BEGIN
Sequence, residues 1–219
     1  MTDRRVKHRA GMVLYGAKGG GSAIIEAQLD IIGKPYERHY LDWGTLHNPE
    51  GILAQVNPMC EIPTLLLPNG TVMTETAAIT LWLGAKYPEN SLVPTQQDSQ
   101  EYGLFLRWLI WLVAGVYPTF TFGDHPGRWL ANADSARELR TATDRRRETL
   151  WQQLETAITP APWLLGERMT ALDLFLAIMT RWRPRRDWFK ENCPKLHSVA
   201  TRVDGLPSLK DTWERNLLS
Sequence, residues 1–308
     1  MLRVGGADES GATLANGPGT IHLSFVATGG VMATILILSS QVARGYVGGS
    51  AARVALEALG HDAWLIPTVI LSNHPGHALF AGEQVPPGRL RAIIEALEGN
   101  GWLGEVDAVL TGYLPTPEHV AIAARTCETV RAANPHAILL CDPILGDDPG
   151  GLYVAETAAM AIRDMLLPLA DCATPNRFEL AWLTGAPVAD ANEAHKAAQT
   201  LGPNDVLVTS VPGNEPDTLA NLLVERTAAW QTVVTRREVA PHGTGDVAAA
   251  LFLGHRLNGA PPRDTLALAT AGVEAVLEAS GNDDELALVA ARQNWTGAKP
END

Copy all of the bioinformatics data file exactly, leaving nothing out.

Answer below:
Sequence, residues 1–219
     1  MTDRRVKHRA GMVLYGAKGG GSAIIEAQLD IIGKPYERHY LDWGTLHNPE
    51  GILAQVNPMC EIPTLLLPNG TVMTETAAIT LWLGAKYPEN SLVPTQQDSQ
   101  EYGLFLRWLI WLVAGVYPTF TFGDHPGRWL ANADSARELR TATDRRRETL
   151  WQQLETAITP APWLLGERMT ALDLFLAIMT RWRPRRDWFK ENCPKLHSVA
   201  TRVDGLPSLK DTWERNLLS
Sequence, residues 1–308
     1  MLRVGGADES GATLANGPGT IHLSFVATGG VMATILILSS QVARGYVGGS
    51  AARVALEALG HDAWLIPTVI LSNHPGHALF AGEQVPPGRL RAIIEALEGN
   101  GWLGEVDAVL TGYLPTPEHV AIAARTCETV RAANPHAILL CDPILGDDPG
   151  GLYVAETAAM AIRDMLLPLA DCATPNRFEL AWLTGAPVAD ANEAHKAAQT
   201  LGPNDVLVTS VPGNEPDTLA NLLVERTAAW QTVVTRREVA PHGTGDVAAA
   251  LFLGHRLNGA PPRDTLALAT AGVEAVLEAS GNDDELALVA ARQNWTGAKP